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Los Angeles is Still Not on Google Transit... Well, at Least to the Public

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Using Google Transit, a trip from Union Station to Chatsworth on a Metrolink Train. Metrolink is one of the few small LA area agencies using Google Transit.

Using Google Transit, a trip from Union Station to Chatsworth on a Metrolink Train. Metrolink is one of the few small LA area agencies using Google Transit.
Google Transit has been working with Metro's schedules for over a year now, but Metro won't sign the final contract, according to sources.

Washington DC announced yesterday that their transit schedule data will be released, allowing it to go on Google Transit. Last fall, New York City and the local Metrolink joined the ranks of cities and agencies following a growing trend of aligning their public service with one of the world's largest brands. Still, in what the LA Times once called a "technological backwater," Metro is still dragging their feet.

"Google Transit has approached us on participating in their service," explained Metro Spokesman Dave Sotero in an e-mail to LAist last October. "We’re looking at it. In the meantime, we are in the process of making upgrades to our own online Trip Planner." Today, Sotero said there was nothing new to report on the project.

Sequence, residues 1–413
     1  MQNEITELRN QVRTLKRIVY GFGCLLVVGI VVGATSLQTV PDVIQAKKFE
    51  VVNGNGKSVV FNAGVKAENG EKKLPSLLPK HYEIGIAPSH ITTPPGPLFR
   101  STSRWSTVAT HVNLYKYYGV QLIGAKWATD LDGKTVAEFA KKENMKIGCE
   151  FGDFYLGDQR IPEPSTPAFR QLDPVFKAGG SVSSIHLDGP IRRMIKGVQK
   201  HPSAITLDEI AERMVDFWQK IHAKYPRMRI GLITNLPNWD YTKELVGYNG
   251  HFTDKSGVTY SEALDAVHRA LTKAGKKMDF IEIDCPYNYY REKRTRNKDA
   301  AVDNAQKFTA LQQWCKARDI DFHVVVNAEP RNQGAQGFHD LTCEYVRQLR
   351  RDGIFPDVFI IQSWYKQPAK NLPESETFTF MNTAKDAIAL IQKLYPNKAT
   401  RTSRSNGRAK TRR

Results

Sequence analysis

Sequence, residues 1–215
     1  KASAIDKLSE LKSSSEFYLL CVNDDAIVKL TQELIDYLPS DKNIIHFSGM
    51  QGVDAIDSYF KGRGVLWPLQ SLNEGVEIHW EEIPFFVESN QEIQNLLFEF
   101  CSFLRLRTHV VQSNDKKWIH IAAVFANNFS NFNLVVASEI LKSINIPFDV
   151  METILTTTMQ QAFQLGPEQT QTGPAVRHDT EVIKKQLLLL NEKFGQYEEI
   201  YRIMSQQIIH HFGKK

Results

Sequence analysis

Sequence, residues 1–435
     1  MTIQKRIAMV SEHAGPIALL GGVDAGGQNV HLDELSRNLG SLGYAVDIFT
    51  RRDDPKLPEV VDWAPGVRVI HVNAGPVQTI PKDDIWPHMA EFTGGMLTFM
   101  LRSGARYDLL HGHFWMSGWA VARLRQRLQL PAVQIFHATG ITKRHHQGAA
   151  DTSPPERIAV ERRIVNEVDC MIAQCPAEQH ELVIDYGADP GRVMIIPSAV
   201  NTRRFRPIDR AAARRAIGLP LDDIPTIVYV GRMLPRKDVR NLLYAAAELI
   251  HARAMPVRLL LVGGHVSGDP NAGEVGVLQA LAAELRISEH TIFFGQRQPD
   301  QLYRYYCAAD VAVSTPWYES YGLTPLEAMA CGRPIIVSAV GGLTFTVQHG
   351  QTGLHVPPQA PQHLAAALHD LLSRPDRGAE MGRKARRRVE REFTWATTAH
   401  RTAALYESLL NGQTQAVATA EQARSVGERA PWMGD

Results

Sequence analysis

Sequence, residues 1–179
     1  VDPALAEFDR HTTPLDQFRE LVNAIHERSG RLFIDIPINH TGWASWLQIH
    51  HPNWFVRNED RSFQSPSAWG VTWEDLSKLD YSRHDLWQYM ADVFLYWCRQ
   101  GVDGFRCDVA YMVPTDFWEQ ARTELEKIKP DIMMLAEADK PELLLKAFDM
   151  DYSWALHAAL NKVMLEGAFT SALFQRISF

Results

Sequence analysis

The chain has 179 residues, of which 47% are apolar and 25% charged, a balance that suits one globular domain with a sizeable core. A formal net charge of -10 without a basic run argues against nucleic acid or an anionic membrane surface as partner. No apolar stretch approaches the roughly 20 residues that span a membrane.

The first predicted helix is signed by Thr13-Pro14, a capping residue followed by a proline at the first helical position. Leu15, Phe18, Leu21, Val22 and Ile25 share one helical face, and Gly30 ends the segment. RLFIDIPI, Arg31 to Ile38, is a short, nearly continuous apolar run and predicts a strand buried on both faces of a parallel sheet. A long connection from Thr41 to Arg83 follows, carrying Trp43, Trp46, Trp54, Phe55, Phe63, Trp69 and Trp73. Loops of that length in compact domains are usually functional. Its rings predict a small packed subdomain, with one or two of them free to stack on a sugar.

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But Metro has had access to a beta Google Transit map with every bus and train schedule for over a year now, according to a source who spoke under the condition of anonymity. To open it up to the public, Metro just has to give Google the final blessing and sign a contract, the source said. It's just that the Metro powers that be have hesitations such as losing revenue. "If we want to use [our Trip Planner] as a future revenue stream, we don't know the impact of having all the information on a different system," Matt Raymond of Metro told the Times last year. That means they might want to put ads on their website, putting revenue streams ahead of public service.

What makes this worse is that Metro was sued last year for violating Section 508, which makes websites compliant for the visually and mobility impaired. The agency's Trip Planner is unusable for those using a screen reader, which helps disabled people navigate the web. Metro went into a settlement and is working towards compliancy (this means less of the PDF schedules).

Google Transit on the other hand is already compliant to 508 standards and is available in 27 languages. Metro's Trip Planner is only available in English leaving out thousands of residents and tourists.

It took petitions signed by hundreds of people to pressure Washington D.C's Metro to change their tune to Google. Perhaps that will be the changing tone here (along with a Facebook group begging for it), but Metro's new soon-to-be CEO Art Leahy cherry picked from Orange County Transit may also be the key as his transit system has already adopted Google Transit.

For now, Los Angeles County residents have the Trip Planner and two very useful, but hardly marketed, tools that are especially great for use on a cell phone: and NexTrip.